Simple Monopoly in Commodity Market

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Simple monopoly refers to a situation where there is only one major producer of a certain product or bundle of products in the market. The product of a monopolistic firm is unchallenged in the market. So, the monopoly firm can set prices or make changes to the product as and when it wishes.

Also, the monopolistic product means that it is not substitutable in the market.

Types of Revenue: Total, Average, and Marginal Revenue

Enterprises usually tend to set a cost price for their products that equals the market requirements determined by supply and demand. However, this does not apply to monopolistic markets. In a monopoly, the prices are determined by the market-controlling company or the monopolistic company. This price setting is done keeping in mind the revenues that can be collected from the market.

Following are the different types of Revenue −

Total Revenue

It is the total amount of collection a vendor can accumulate from the sale of its products and services to the customers.

Total revenue can be obtained using the formula −

TR = p × q

Where,

p is the price of the commodity and q is the quantity.

Average Revenue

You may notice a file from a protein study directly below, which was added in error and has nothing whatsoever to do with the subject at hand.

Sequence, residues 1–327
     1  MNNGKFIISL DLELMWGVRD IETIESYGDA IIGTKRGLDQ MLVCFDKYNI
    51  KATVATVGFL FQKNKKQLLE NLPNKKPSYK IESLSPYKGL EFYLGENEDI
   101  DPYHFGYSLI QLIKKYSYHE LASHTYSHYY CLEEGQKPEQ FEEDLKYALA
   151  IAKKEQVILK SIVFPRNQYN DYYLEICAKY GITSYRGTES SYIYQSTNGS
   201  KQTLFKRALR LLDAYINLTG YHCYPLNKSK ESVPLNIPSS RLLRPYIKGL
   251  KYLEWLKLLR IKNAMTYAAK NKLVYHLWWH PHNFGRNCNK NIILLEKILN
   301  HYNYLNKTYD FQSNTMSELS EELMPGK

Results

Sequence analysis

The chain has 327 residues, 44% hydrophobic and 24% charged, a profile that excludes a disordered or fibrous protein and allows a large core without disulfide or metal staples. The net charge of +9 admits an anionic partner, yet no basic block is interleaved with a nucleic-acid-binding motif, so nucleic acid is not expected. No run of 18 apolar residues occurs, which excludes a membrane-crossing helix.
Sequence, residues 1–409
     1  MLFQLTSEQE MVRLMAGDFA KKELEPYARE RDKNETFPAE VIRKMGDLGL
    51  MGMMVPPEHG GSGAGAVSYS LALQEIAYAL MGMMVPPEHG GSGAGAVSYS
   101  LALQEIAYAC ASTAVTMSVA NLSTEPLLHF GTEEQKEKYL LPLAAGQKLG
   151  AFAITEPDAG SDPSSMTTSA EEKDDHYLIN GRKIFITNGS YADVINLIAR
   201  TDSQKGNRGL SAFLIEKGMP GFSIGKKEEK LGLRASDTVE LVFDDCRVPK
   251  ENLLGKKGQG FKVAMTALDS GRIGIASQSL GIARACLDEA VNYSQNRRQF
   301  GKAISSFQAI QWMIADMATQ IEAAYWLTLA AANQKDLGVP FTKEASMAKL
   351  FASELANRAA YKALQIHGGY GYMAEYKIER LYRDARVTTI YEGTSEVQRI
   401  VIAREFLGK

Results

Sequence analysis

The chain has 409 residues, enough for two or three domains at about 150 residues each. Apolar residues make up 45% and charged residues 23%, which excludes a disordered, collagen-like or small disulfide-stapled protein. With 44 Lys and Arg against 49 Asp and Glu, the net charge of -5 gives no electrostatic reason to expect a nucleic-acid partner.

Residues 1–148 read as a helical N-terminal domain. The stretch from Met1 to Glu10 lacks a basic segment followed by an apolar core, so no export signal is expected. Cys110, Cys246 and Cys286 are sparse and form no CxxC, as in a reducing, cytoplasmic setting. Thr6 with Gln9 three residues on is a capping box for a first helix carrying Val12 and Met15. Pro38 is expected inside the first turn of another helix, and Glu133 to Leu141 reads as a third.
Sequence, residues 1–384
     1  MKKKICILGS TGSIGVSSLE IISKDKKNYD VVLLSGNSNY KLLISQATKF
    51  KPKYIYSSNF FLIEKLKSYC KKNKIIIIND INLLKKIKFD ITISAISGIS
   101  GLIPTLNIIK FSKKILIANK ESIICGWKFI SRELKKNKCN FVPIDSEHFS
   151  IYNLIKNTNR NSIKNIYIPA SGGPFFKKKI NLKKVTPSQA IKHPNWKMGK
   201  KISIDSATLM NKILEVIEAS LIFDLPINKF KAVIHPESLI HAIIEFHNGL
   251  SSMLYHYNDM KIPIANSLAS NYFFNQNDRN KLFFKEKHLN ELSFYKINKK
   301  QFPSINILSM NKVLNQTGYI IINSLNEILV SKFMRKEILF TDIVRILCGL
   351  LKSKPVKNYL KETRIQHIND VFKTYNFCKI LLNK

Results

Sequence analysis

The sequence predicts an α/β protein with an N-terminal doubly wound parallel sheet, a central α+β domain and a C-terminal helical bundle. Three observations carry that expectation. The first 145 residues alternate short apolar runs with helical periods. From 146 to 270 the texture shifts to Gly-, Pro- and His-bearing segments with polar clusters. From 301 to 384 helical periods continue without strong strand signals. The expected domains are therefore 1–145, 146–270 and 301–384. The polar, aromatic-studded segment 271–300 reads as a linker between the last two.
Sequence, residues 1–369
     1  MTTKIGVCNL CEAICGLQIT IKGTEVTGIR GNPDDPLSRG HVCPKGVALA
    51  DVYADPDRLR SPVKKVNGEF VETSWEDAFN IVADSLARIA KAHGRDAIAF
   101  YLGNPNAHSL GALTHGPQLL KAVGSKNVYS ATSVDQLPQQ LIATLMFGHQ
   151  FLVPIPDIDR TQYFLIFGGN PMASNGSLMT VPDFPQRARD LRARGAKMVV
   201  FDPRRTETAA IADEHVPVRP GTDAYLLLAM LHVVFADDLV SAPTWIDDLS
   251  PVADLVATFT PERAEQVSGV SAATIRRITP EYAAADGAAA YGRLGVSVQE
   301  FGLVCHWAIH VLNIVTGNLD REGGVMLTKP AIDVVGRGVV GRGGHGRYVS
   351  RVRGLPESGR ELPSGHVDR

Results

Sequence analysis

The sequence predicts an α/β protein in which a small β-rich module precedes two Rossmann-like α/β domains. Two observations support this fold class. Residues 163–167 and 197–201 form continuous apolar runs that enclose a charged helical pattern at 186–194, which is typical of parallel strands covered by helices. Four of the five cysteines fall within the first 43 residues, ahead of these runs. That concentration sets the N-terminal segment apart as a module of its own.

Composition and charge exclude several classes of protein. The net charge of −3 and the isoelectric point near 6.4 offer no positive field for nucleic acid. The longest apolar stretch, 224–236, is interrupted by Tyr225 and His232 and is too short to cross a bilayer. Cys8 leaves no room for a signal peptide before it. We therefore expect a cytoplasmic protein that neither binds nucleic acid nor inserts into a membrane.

The average revenue is the revenue collected per unit of outputs sold. It greatly impacts the profitability of the enterprises and hence, monopolies tend to gain hold of average revenue more palpably.

Average revenue can be obtained from the formula −

$\mathrm{AR = \frac{TR}{q} = \frac{p \times q}{q} = p}$

Where,

p = the price of the commodity

q = the quantity

TR = Total revenue

AR = Average revenue.

Marginal Revenue

Marginal revenue is the amount of revenue earned by selling one more product. So, marginal revenue shows the earnings obtained after selling each additional unit of product. It is used by monopolies to check customer demands and set the prices of products because they can control them as they want.

Where,

$\mathrm{MR = \frac{Change\: in\: total\: revenue}{Change\: in \:quantity}}$

MR= Marginal Revenue,

TR = Total Revenue,

Q = Quantity.

Marginal Revenue and Price Elasticity of Demand

Price elasticity refers to the changes in usage patterns of a product due to changes in its price.

  • Price elasticity is concerned with the response of the demanded quantity or supply due to price changes in the product. It is calculated as the percentage change in demand or quantity supplied divided by the change in price (in percent).